Crunchyroll Announces New Manga for Its Service

Crunchyroll announced at its manga panel at Anime Expo that it will add the Princess Jellyfish, Takahashi-san is Listening, Scum’s Wish, Sweetness and Lightning, and The Morose Mononokean manga to its web distribution service.

Kodansha Comics licensed the first 12 volumes of Princess Jellyfish for North America and will release the first 2-in-1 volume in February 2016. Kodansha Comics describes the story as:

Tsukimi, who has loved jellyfish from a young age, resides in Amamizukan, a fangirl-only dorm. One evening at the local pet store, Tsukimi sees a lovely jellyfish in danger, but a beautiful woman comes to the rescue. They go back to Amamizukan together, but this “woman”… is actually a man!

The first four volumes of Princess Jellyfish will launch on Crunchyroll on July 15, 2015 at 8pm EDT. Volumes will be added afterward at regular intervals.

Yū Hokuō serializes Takahashi-san is Listening (Takahashi-san ga Kiiteiru.) in Square Enix’s Gangan Joker. The series began in 2013 and Square Enix shipped the fifth compiled volume in Japan in April 2015.

Crunchyroll describes the story as:

High school student idol Ena Takahashi has a hobby she can’t tell anyone about… and that is listening in on the ridiculous conversations of class representative Nara-kun and the plain boy Mikage-kun. If her secret is discovered, people’s trust in her will be destroyed! She wants to retort, but she can’t! The eavesdropping short-gag manga full of tension and guilty conscience begins!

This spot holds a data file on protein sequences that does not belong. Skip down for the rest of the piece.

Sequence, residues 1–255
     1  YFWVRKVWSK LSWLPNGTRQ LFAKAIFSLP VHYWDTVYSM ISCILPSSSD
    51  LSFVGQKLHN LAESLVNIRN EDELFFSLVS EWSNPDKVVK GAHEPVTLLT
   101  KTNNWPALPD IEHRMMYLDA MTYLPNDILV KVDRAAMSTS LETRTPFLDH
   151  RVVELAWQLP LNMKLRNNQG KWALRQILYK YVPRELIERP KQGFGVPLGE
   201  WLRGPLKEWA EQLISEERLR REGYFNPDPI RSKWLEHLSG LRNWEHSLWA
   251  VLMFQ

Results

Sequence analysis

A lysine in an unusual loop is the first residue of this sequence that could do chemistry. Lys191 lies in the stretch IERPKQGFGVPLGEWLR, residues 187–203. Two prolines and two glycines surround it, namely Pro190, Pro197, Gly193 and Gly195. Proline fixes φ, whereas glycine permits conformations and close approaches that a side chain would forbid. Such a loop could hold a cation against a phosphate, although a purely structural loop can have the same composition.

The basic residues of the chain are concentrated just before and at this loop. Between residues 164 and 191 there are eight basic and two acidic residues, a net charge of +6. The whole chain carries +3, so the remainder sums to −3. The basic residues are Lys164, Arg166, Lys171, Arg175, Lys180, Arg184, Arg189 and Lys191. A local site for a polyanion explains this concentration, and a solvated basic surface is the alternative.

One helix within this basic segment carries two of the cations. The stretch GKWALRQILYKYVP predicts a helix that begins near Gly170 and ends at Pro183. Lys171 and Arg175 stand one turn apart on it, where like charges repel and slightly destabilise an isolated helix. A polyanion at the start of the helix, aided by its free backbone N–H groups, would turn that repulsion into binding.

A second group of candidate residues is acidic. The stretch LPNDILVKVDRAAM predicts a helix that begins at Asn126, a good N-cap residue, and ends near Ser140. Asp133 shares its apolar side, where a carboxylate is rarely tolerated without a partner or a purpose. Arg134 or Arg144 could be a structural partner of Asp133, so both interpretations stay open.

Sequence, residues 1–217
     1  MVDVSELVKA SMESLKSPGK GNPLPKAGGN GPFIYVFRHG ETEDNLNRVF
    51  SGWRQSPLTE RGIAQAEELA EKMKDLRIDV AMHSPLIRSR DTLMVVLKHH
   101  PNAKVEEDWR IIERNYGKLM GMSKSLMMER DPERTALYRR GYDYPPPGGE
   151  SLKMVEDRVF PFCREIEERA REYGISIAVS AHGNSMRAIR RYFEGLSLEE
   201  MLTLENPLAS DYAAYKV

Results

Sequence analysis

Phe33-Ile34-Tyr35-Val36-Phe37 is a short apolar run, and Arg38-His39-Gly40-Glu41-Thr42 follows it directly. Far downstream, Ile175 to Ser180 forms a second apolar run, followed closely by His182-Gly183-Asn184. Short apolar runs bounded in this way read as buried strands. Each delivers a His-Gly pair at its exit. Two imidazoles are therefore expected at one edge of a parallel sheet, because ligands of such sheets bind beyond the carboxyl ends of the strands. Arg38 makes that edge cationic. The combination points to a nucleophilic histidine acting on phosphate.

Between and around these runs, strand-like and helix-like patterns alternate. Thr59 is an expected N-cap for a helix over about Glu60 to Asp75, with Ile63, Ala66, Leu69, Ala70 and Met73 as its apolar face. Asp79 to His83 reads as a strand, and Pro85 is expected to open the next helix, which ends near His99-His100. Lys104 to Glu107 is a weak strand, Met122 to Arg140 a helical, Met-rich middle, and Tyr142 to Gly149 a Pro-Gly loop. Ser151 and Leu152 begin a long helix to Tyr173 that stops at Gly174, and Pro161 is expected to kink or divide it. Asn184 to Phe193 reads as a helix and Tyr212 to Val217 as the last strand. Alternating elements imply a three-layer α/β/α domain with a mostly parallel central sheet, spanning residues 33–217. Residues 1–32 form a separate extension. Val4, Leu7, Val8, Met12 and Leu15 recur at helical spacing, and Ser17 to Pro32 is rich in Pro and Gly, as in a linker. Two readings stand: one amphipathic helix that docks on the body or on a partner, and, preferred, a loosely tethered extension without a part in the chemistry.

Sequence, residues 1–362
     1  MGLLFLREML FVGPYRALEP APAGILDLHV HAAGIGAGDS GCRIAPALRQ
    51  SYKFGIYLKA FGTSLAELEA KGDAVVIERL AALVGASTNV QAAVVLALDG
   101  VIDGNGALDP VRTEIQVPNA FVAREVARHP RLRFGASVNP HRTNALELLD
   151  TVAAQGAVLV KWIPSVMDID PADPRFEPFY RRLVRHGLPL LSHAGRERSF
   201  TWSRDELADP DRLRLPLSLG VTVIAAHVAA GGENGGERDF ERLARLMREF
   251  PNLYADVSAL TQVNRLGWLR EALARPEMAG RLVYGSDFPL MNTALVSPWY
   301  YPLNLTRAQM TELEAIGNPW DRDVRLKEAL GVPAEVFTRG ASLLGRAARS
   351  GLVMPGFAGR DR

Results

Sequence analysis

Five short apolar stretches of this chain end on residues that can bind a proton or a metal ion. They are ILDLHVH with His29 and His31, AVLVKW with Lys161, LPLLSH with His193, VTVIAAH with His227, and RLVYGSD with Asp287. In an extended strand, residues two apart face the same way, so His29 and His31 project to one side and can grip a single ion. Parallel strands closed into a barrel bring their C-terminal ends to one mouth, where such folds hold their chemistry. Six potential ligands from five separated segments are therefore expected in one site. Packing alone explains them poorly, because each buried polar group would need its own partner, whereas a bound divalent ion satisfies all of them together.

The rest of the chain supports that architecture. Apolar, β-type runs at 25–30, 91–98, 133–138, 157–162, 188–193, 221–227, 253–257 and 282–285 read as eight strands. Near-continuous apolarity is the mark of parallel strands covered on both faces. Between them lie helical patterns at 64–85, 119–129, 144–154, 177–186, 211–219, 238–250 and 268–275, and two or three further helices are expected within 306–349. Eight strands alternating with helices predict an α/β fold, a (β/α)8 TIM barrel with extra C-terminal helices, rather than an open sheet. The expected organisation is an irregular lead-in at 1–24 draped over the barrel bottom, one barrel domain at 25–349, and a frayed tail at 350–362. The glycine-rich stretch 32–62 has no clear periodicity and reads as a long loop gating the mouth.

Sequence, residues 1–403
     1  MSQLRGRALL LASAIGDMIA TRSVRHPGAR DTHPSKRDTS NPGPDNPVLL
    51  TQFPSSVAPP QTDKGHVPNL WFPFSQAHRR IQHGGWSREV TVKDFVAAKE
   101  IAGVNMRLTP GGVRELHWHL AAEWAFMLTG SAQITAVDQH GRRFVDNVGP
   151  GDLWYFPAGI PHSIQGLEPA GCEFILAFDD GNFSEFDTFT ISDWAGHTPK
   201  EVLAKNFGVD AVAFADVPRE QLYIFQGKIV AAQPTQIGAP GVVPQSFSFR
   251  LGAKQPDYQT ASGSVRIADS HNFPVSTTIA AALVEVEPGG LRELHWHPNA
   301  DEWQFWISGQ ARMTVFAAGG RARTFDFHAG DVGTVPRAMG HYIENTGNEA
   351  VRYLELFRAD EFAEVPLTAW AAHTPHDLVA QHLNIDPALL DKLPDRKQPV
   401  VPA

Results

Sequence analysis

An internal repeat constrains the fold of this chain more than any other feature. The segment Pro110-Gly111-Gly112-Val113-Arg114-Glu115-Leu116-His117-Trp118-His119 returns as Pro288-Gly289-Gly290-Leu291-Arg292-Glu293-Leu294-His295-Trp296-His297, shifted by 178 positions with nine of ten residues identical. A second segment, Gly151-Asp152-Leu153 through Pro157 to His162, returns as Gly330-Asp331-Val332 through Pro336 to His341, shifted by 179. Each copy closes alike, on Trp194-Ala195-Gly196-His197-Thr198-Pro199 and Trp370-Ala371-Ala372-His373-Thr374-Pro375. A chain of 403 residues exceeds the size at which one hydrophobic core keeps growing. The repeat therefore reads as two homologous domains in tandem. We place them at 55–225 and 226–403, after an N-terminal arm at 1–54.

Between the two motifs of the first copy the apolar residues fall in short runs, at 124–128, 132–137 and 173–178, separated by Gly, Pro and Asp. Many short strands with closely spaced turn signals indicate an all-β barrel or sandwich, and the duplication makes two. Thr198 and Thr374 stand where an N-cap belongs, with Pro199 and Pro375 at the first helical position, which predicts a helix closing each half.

The series will launch on Crunchyroll on July 5, 2015 at 8pm EDT.

Mengo Yokoyari’s Scum’s Wish (Kuzu no Honkai) began in Big Gangan magazine in 2012, and Square Enix shipped the fifth compiled volume in Japan in June 2015.

Crunchyroll describes the story as:

Hanabi and Mugi are bathed in envious gazers from all around as a beautiful couple with excellent moral conduct. But these two apparently perfect people in an apparently perfect relationship share a secret they can’t tell anyone.

The series will launch on Crunchyroll on July 5, 2015 at 8pm EDT.